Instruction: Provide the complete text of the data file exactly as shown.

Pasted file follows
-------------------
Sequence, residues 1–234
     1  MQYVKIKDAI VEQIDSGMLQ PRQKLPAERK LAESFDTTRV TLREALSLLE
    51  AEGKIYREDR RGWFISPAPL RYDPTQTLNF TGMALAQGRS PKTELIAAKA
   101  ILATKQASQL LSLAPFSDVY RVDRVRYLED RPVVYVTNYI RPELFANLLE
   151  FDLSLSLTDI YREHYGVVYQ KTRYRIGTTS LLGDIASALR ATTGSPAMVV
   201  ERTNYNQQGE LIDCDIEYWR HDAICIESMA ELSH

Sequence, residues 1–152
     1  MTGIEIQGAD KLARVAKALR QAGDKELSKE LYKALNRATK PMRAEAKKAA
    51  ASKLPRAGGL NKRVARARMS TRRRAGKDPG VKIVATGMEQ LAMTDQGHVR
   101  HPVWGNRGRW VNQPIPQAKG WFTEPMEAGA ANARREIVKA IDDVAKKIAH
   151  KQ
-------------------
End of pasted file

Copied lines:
Sequence, residues 1–234
     1  MQYVKIKDAI VEQIDSGMLQ PRQKLPAERK LAESFDTTRV TLREALSLLE
    51  AEGKIYREDR RGWFISPAPL RYDPTQTLNF TGMALAQGRS PKTELIAAKA
   101  ILATKQASQL LSLAPFSDVY RVDRVRYLED RPVVYVTNYI RPELFANLLE
   151  FDLSLSLTDI YREHYGVVYQ KTRYRIGTTS LLGDIASALR ATTGSPAMVV
   201  ERTNYNQQGE LIDCDIEYWR HDAICIESMA ELSH

Sequence, residues 1–152
     1  MTGIEIQGAD KLARVAKALR QAGDKELSKE LYKALNRATK PMRAEAKKAA
    51  ASKLPRAGGL NKRVARARMS TRRRAGKDPG VKIVATGMEQ LAMTDQGHVR
   101  HPVWGNRGRW VNQPIPQAKG WFTEPMEAGA ANARREIVKA IDDVAKKIAH
   151  KQ